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Faith and counselling helped me cope with Columbine

By Susan Gately - 09 September, 2016

Principal of Columbine High will speak at event in Dublin highlighting mental health awareness on 14 September.

Frank DeAngelis, former principal of Columbine High.

Frank DeAngelis, former principal of Columbine High.

The principal of Columbine High School where 14 students and a teacher died in a shooting tragedy has said that counselling and his faith were what helped him cope with the traumatic events and aftermath of 20 September 1999.

Frank DeAngelis, who will speak at a fundraising event next week in Dublin for Jigsaw – the National Centre for Youth Mental Health, came to prominence as the principal who stood with the school and rebuilt a broken community after the shooting.

The day after the Columbine shooting, a friend advised Mr DeAngelis to get professional help and he got help immediately.

“I’m still in counselling. There are times when I’m re-traumatised,” he told RTE’s Ryan Tubridy.

His second support was his faith.

“I am a strong person of faith,” he said. “I was raised a cradle Catholic. I can remember two days after the tragedy Fr Ken Leone called me down to the Church and there were 1200 people there and he whispered in my ear something that allowed me to continue. He said, ‘Frank you were spared on that particular day. Now you need to go and rebuild that community. You will not have to walk that journey alone’.”

Fr Leone told the Colombine principal that the road would be tough. “There’s going to be days when you are saying ‘Why me, why me?’ But God will be with you.”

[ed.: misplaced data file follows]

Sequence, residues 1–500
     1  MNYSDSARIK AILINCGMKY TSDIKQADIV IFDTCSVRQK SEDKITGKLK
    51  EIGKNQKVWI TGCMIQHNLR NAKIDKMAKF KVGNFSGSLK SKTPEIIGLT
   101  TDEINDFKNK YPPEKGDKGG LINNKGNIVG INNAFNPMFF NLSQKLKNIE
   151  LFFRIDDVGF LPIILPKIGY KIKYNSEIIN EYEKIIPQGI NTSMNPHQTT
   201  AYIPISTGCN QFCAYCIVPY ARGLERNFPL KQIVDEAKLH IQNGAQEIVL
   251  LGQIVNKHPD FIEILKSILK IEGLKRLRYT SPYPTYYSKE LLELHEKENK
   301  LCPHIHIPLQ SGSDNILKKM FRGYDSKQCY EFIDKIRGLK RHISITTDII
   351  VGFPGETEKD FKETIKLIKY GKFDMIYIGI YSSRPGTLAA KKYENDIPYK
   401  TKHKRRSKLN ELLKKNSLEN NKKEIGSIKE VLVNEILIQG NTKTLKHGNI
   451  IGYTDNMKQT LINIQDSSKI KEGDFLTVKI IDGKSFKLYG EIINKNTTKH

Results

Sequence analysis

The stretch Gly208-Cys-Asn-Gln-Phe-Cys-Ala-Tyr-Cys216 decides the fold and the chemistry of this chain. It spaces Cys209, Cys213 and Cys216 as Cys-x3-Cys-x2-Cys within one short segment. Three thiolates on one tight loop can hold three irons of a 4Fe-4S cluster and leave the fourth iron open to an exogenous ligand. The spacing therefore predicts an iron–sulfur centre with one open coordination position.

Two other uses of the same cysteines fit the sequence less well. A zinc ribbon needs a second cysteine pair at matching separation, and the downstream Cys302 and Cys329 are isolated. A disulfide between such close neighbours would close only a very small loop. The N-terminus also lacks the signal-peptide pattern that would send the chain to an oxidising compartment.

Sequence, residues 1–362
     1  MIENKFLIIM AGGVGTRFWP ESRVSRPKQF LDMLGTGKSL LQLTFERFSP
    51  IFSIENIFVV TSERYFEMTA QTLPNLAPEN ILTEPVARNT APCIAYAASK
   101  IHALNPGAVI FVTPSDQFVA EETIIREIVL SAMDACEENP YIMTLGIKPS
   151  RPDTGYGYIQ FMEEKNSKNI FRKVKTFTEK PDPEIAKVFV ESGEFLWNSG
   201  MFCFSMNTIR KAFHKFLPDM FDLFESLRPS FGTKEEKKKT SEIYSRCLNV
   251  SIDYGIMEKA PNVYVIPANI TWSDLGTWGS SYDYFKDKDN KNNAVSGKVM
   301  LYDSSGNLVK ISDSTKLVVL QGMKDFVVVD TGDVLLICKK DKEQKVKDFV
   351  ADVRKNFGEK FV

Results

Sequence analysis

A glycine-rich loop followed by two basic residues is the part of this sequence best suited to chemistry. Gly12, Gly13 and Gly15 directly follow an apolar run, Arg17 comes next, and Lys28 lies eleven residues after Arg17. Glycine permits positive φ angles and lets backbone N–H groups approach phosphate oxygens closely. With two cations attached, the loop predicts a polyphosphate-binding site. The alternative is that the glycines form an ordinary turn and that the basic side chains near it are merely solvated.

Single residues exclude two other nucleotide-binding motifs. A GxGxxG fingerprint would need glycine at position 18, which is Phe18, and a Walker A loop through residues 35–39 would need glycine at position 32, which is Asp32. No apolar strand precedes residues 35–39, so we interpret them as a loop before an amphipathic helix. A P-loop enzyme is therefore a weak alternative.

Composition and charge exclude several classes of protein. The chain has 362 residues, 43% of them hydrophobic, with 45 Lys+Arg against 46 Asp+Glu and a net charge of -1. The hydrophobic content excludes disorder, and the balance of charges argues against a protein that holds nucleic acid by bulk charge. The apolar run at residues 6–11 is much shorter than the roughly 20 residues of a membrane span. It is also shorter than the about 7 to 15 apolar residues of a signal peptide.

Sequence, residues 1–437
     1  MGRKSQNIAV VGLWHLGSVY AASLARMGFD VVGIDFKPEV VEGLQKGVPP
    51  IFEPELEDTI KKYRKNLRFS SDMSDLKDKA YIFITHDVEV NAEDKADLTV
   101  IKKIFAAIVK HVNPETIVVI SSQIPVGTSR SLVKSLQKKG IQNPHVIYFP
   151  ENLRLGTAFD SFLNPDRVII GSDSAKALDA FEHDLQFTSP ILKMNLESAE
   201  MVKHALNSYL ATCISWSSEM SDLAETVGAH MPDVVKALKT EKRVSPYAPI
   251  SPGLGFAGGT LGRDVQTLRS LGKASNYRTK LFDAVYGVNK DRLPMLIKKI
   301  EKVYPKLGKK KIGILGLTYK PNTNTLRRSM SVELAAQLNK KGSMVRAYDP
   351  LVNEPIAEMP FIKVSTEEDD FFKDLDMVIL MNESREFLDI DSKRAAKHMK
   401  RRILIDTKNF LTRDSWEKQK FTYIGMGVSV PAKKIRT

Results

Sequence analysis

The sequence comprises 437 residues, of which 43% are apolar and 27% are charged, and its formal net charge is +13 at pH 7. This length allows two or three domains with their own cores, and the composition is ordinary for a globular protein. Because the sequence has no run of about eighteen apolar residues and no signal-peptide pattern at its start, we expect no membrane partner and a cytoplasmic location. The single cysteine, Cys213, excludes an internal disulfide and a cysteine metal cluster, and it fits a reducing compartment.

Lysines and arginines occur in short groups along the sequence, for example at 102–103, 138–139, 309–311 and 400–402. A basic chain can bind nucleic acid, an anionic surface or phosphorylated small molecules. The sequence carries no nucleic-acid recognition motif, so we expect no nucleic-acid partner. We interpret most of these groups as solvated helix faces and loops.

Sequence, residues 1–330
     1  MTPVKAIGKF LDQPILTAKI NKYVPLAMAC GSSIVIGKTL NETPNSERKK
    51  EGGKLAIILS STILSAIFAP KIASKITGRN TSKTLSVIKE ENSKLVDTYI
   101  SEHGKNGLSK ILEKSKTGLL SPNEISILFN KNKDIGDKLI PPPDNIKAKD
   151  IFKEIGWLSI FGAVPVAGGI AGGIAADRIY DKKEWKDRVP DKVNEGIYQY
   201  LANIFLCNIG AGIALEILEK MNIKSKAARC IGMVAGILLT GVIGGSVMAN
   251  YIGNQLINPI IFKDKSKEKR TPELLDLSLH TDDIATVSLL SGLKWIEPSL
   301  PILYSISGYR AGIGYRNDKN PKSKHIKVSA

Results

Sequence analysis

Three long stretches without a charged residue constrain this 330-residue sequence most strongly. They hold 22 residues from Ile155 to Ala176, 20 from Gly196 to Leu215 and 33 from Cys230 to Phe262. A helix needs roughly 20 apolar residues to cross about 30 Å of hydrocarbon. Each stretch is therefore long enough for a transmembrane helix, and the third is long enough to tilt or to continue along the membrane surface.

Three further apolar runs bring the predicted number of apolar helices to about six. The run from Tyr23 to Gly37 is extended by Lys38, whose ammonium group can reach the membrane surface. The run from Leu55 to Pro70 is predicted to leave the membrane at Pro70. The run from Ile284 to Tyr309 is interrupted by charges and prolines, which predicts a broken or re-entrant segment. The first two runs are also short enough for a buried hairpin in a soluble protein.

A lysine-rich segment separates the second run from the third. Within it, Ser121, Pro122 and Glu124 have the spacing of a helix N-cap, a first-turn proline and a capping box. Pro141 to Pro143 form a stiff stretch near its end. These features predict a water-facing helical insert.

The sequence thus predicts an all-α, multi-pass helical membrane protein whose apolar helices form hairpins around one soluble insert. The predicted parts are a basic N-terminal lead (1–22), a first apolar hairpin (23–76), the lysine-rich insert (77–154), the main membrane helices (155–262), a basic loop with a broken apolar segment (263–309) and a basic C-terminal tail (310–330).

Mr DeAngelis said talking to a professional counsellor helped him to come up with coping skills.

People who have been traumatised or who suffer with mental problems often believe it is enough to talk to a spouse or close friend.

“If you were to break an arm would you allow your wife or your husband or your best friend to cast it or surgically repair it?” is his response.

“Why with what you are dealing with, with what you are witnessing, are you not going to seek professional help.”

He also believes that parents must be parents and not their childrens’ ‘best friends’, and they have to be ready to intervene.

“I get this thing [from parents] all the time: ‘My son or my daughter has certain rights.’ You need to be a parent. If you need to go into their rooms and see what is going on, or see who their friends are – then you need to do that. That is the role of a parent.”

“So many times I’ve had parents say ‘I can’t do that. It is violating a right’. But I say ‘By doing something like that, you are taking a strong interest in your child’s life, you may be saving their life’.”

Frank DeAngelis will be the guest speaker at a public event, Frank DeAngelis – Lessons learned: in conversation with Jigsaw’s Tony Bates raising funds for Jigsaw – the National Centre for Youth Mental Health at the Mansion House in Dublin next Wednesday 14 September from 6.30 to 8.30pm. Tickets cost €25.

During the conversation, Mr DeAngelis will cover topics such as the importance of being present and staying involved as parents, even when adolescents tell us we’re not needed; staying in touch with the role of social media in young people’s lives; how to spot the often subtle signs of a young person in distress and the role of self-care in our work on behalf of young people.

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